JAGADISAN J. - The firm, Messrs. V.S.R.M. was carrying on business in money-lending with headquarters at Poolankurichi and branches at Madras and Madurai. On the floatation of Rajapalayam Mills Ltd. the firm applied for allotment of shares and obtained 50 ordinary shares on payment of Rs. 5,000 on September 7, 1936. The firm also acquired by allotment 50 ordinary shares and 50 preference shares of Venkatesa Mills Ltd. on May 1, 1938, having paid Rs. 5,000. Rajapalayam Mills Ltd. allotted to the firm 100 preference shares as bonus shares on April 5, 1948, and June 10, 1948. Venkatesa Mills allotted 100 bonus shares on November 30, 1947. The funds with which the firm got allotted the shares in Rajapalayam Mills Ltd. and Venkatesa Mills Ltd. were taken from the Madras branch of the firm. At the time when these shares were acquired the firm was not a dealer in shares. From the year 1943 onwards the firm appears to have carried on business in the purchase and sale of shares at Poolankurichi. These shares which were held by the Madras branch were transferred to the account books of the headquarters in the year 1946 when the Madras branch was closed. The shares were actually sold by the firm in March, 1955, at a profit of Rs. 32,286. In the assessment to the income-tax for the year 1955-56 relevant to the account period, year ending April 13, 1955, the Income-tax Officer, Karaikudi, taxed the profit as business income of the assessee firm. The assessee preferred an appeal to the Appellate Assistant Commissioner of Income-tax, Tiruchirapalli, but the assessment was confirmed. A further appeal to the Income-tax Appellate Tribunal, Madras, also failed. On a reference application filed by the assessee under section 66(1) of the Act before the Tribunal, it referred the following questions of law to this court :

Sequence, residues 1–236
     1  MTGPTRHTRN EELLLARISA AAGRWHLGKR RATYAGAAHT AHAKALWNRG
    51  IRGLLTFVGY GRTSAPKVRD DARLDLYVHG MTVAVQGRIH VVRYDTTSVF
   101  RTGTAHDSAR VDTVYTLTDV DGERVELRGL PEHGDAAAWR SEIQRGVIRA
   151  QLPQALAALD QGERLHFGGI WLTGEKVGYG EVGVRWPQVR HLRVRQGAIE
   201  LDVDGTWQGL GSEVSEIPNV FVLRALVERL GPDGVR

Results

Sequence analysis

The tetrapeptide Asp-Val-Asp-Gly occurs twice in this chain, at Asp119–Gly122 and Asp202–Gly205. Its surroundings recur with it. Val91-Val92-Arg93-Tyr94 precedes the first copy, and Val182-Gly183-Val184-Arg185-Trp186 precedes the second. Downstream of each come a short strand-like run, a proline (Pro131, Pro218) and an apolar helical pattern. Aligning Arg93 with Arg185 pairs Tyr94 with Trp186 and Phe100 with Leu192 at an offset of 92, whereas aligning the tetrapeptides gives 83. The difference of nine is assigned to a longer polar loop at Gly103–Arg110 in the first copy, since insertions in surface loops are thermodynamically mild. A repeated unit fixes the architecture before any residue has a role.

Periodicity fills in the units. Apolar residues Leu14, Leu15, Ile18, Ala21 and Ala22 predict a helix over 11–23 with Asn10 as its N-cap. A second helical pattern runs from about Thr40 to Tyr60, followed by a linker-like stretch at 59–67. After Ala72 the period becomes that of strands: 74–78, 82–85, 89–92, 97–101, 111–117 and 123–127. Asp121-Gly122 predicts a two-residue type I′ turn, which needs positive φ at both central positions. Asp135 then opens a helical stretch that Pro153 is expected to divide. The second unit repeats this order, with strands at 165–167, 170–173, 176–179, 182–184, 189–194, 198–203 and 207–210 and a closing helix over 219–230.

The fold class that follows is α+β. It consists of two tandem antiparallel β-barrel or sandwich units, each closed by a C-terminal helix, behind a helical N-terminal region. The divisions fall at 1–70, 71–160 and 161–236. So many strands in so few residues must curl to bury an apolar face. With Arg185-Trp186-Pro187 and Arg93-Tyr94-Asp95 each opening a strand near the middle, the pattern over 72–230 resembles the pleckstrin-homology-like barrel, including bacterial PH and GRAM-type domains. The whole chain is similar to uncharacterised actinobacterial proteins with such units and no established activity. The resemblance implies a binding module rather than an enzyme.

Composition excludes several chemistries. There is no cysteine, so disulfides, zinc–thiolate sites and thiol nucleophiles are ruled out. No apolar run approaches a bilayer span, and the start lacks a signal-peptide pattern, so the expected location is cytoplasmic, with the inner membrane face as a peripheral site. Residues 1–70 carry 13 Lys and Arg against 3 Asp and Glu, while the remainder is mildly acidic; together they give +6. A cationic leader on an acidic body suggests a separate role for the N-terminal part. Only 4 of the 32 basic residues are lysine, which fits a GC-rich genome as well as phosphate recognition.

'1. Whether on the facts and in the circumstances of the case there is material to hold that the shares obtained by the assessee in Rajapalayam Mills Ltd. and Venkatesa Mills Ltd. by original application were stock-in-trade or not
2. If the answer to the above is in the affirmative, whether the Tribunal was right in taking into account the sale of the bonus shares in determine the profit made by the assessee ?'
These questions arise for determination in this reference application.